MP calls on Germany to stop arms exports to Turkey due to its attacks on Syria

Kurdish Syrian firemen put out a blaze at a power station in Qamishli which was reportedly targeted by Turkish drones on January 15, 2024 as Turkey carried out another series of airstrikes against Kurdish sites in northeastern Syria and northern Iraq in what Ankara said was a response for the deaths of nine Turkish soldiers. (Photo by Delil SOULEIMAN / AFP)

Gökay Akbulut, a member of the German parliament from the Left Party, has called on the German government to stop exporting arms to Turkey due to the country’s attacks on civilian facilities in northern Syria, which she called a “war crime,” Turkish Minute reported, citing Neues Deutschland.

On October 5 Turkey launched an aerial campaign in northern Iraq and Syria’s northeast after the outlawed Kurdistan Workers’ Party (PKK) claimed responsibility for a bombing near government buildings in Ankara that injured two police officers. Turkey claimed the attackers came from and were trained in Syria.

The semi-autonomous Kurdish administration has denied the claim and said dozens of people, including security personnel and civilians, have been killed in Turkish attacks, while critical infrastructure has been damaged.

According to data from the Germany-based Society for Threatened Peoples (STPI), an international NGO and human rights organization, Turkish warplanes and drones carried out 74 attacks on the critical infrastructure of northern and eastern Syria December 23-26. In 2023 Turkey carried out 798 attacks on northern Syria, according to STPI, which relies on data from the Syrian Democratic Forces (SDF).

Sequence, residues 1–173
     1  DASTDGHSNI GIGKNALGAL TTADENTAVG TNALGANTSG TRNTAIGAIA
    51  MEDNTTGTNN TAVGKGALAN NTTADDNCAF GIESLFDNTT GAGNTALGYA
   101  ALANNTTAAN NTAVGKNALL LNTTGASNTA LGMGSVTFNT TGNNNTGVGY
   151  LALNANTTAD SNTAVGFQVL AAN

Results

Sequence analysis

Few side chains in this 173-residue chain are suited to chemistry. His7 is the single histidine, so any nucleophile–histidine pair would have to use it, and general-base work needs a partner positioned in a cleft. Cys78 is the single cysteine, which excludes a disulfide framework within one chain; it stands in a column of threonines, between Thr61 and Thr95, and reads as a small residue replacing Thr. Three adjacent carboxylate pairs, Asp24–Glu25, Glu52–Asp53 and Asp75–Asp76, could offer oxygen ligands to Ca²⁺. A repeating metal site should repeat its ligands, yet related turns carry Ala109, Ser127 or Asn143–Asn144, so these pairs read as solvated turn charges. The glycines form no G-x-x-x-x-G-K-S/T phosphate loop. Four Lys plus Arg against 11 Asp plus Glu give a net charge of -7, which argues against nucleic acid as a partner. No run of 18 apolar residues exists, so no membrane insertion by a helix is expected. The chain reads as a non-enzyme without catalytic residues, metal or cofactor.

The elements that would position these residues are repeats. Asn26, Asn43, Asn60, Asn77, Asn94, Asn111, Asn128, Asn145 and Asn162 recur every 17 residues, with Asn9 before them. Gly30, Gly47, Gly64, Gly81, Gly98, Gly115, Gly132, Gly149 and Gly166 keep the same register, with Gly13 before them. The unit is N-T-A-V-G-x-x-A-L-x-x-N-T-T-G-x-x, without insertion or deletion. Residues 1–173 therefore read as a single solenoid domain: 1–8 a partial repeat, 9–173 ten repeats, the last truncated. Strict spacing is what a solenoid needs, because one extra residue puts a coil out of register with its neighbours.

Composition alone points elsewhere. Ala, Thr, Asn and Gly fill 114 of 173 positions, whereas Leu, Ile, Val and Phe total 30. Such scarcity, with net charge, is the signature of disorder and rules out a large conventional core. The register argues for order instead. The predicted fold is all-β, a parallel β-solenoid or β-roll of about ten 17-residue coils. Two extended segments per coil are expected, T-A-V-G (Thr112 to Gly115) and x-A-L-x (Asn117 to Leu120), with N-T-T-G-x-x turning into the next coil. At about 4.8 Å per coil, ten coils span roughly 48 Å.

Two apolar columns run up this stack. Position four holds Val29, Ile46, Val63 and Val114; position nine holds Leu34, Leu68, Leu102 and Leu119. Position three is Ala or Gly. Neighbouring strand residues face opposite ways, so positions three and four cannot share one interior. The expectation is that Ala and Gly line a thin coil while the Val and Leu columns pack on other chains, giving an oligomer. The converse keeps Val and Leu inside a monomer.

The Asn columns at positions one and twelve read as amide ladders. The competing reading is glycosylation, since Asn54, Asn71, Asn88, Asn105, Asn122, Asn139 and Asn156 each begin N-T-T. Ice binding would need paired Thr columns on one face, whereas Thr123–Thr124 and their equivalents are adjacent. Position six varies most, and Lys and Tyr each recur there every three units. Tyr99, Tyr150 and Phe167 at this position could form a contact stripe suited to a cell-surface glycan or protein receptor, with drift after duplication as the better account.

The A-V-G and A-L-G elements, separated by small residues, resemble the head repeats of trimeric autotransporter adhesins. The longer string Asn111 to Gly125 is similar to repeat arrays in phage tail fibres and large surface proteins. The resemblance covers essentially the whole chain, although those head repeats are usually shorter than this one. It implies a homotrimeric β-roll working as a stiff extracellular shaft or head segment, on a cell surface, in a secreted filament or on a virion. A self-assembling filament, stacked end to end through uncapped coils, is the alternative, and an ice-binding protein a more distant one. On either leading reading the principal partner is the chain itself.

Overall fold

Akbulut asked the German parliament’s Research Services, which support members’ political work in parliament and the constituencies by supplying specialist information, analyses and expert opinions, whether Turkey’s actions in Syria violate international law. A report from the Research Services said attacks on civilians and facilities such as hospitals are — if deliberate — illegal under international law because they violate Article 8, Paragraph 2 of the International Criminal Court’s (ICC) Rome Statute.

Turkey is not a signatory of the Rome Statute.

Akbulut told the German newspaper that Turkey has undoubtedly committed war crimes by deliberately attacking civilian infrastructure in Syria and that it was confirmed by the report from parliament’s Research Services.

She cited the destruction of a medical center in the Syrian Kurdish town of Kobani, a civilian medical facility not used for military purposes, as an example, saying that it speaks for itself as a “war crime.”

“Germany must therefore stop its arms exports to Turkey,” said Akbulut.

The politician, who has been campaigning in Germany for the lifting of a ban on the activities of the PKK, frequently accuses the Turkish government of “waging a brutal war on the Kurdish population inside and outside its borders.”

According to a report in the Der Spiegel magazine, German arms sales to Turkey declined somewhat in 2023, when the country purchased weapons valued at 1.2 million euros with the approval of 17 agreements by the German government for arms sales.

Turkey’s military operations in Syria led some Western countries to impose an arms embargo on Turkey or limit their arms sales to the country.

A report by Human Rights Watch said in October that Turkish drone airstrikes on Kurdish-held areas of northeast Syria damaged critical infrastructure and resulted in the disruption of water and electricity supply for millions of people, calling on the country to immediately stop targeting critical infrastructure necessary for residents’ rights and well-being, including power and water stations.

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